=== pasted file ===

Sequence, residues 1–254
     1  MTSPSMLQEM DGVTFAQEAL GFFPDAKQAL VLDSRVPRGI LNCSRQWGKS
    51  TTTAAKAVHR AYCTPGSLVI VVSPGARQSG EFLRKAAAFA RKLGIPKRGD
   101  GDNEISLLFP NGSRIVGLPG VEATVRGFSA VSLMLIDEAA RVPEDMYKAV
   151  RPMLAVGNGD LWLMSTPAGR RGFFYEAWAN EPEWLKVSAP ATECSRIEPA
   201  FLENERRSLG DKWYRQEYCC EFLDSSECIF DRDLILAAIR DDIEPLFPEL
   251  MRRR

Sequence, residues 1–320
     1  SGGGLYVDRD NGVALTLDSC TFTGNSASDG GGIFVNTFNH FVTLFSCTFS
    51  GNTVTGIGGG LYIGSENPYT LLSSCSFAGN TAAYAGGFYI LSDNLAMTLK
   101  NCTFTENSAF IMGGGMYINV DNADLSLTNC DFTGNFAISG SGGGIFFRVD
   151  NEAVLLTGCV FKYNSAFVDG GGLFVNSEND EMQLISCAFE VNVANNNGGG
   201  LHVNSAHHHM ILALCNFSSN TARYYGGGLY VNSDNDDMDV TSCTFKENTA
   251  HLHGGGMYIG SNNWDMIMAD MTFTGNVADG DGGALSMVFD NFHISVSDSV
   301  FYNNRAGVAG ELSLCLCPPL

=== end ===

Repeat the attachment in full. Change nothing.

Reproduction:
Sequence, residues 1–254
     1  MTSPSMLQEM DGVTFAQEAL GFFPDAKQAL VLDSRVPRGI LNCSRQWGKS
    51  TTTAAKAVHR AYCTPGSLVI VVSPGARQSG EFLRKAAAFA RKLGIPKRGD
   101  GDNEISLLFP NGSRIVGLPG VEATVRGFSA VSLMLIDEAA RVPEDMYKAV
   151  RPMLAVGNGD LWLMSTPAGR RGFFYEAWAN EPEWLKVSAP ATECSRIEPA
   201  FLENERRSLG DKWYRQEYCC EFLDSSECIF DRDLILAAIR DDIEPLFPEL
   251  MRRR

Sequence, residues 1–320
     1  SGGGLYVDRD NGVALTLDSC TFTGNSASDG GGIFVNTFNH FVTLFSCTFS
    51  GNTVTGIGGG LYIGSENPYT LLSSCSFAGN TAAYAGGFYI LSDNLAMTLK
   101  NCTFTENSAF IMGGGMYINV DNADLSLTNC DFTGNFAISG SGGGIFFRVD
   151  NEAVLLTGCV FKYNSAFVDG GGLFVNSEND EMQLISCAFE VNVANNNGGG
   201  LHVNSAHHHM ILALCNFSSN TARYYGGGLY VNSDNDDMDV TSCTFKENTA
   251  HLHGGGMYIG SNNWDMIMAD MTFTGNVADG DGGALSMVFD NFHISVSDSV
   301  FYNNRAGVAG ELSLCLCPPL